Personal connection sets retailers apart This is all wonderful for consumers, of course, but for retailers it poses a bit of a challenge: Some companies are offering direct-to-consumer “pill packs” wherein consumers can get personalized supplements mailed to their doorstep, cutting the retailer out of the equation. However, many consumers still prefer the face-to-face interaction and advice from their local retailers over shopping online. In that sense, the testing kits can help consumers better understand their needs, and that knowledge, combined with retailers’ understanding of the product offering, can help retailers and consumers collaborate to create the ultimate personalized regimen for optimal health.

That sort of approach has worked within supermarkets. With the abundance of new grocery products, label changes and the growth of specialty diets, supermarkets have turned to hiring special dieticians to give consumers advice on their personal nutrition. Dietician, nutritionist and author Ellie Krieger reported on the personalized trend in The Washington Post: “When it was founded in 2001, the Supermarket-Retail Dietitians practice group of the Academy of Nutrition and Dietetics had 14 members. Today, it has 720, a testament to the grocery industry’s growing emphasis on providing food and nutrition guidance as a service for shopper” (2).

This suggests good news for smaller and independent retailers, since most hold an abundance of product and nutrition knowledge. Consumers now more than ever are looking for personal nutritional recommendations, and the personal touch is where retailers excel. “Isn’t all nutrition personal?” muses Debra Stark of Debra’s Natural Gourmet, Concord, MA. “One of our favorite sentences when people ask for guidance, or will this or that work, is that we’re all different, and what works for one won’t for another.” Natural product retailers who can take the time to talk to their customers have this advantage and can cater to individual needs.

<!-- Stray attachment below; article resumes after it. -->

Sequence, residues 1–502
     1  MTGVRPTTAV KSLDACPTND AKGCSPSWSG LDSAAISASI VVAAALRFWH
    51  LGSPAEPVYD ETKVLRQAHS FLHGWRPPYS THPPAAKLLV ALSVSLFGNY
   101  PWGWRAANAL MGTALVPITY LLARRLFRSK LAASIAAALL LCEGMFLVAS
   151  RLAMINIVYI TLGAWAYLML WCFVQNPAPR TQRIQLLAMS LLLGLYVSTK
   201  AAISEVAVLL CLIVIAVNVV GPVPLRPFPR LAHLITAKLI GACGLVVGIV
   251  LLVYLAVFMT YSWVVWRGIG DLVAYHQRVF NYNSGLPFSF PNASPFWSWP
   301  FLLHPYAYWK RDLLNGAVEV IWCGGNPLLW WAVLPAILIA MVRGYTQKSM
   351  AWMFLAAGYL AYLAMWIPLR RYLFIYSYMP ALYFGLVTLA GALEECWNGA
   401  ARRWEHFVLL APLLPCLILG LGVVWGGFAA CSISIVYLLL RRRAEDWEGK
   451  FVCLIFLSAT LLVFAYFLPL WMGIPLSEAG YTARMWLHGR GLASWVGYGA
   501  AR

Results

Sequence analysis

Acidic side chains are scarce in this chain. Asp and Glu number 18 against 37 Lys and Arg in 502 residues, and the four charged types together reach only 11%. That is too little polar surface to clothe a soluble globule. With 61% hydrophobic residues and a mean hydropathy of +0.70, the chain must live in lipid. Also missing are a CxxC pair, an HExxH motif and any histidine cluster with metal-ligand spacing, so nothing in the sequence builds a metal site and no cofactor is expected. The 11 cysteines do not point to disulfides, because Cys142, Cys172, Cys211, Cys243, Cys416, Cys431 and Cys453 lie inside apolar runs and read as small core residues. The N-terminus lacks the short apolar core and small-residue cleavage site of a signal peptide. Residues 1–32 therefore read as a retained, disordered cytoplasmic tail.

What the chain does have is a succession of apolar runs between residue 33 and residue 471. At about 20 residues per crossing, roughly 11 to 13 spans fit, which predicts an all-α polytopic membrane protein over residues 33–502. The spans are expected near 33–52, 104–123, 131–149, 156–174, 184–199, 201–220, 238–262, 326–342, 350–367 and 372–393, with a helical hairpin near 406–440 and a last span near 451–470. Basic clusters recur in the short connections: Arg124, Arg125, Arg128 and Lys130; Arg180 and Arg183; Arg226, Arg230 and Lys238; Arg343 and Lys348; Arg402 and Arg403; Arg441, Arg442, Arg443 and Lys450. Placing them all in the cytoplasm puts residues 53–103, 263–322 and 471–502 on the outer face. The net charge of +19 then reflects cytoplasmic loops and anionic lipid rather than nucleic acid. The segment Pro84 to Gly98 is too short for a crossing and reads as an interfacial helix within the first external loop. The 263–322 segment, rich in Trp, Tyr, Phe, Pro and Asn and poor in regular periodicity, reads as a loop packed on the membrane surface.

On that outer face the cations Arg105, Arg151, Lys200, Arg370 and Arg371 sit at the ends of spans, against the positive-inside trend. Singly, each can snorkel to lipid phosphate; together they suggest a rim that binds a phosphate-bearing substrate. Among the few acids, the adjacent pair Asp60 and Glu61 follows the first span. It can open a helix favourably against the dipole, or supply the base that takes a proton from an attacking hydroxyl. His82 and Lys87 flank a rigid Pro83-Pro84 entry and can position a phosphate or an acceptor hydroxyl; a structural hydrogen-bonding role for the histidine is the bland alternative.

So what can be done in-store? As Kreiger reported, “Some brands have in-store dietitians conducting tours, leading cooking demonstrations and classes, providing tasting opportunities, and doing health screenings. Others focus their outreach online and in print with robust dietitian-run Web pages, social media platforms and apps, as well as newsletters, magazines and tip sheets where you can find recipes, healthy meal inspirations and ingredient guidance” (1).

This follows the original model of the natural independent retailer. That is the ultimate “personalized nutrition.” “Empowering people to try different doses, different diets, different supplements is what we’ve always done,” says Stark. “Talking to people as individuals and helping them navigate what might work for them leads to trust and loyalty.” WF
References: 1. “Bridging the Gap Between Nature and Nurture,” http://www.nutrigenetics.net/ 2. Krieger, Ellie, “Free dietary advice might be as close as your local grocery store,” https://www.washingtonpost.com/lifestyle/wellness/free-dietary-advice-might-be-as-close-as-your-local-grocery-store/2018/11/16/ dc93559a-e368-11e8-b759-3d88a5ce9e19_story.html?noredirect= on&utm_term=.6eb06cf10a39&wpisrc=nl_sb_smartbrief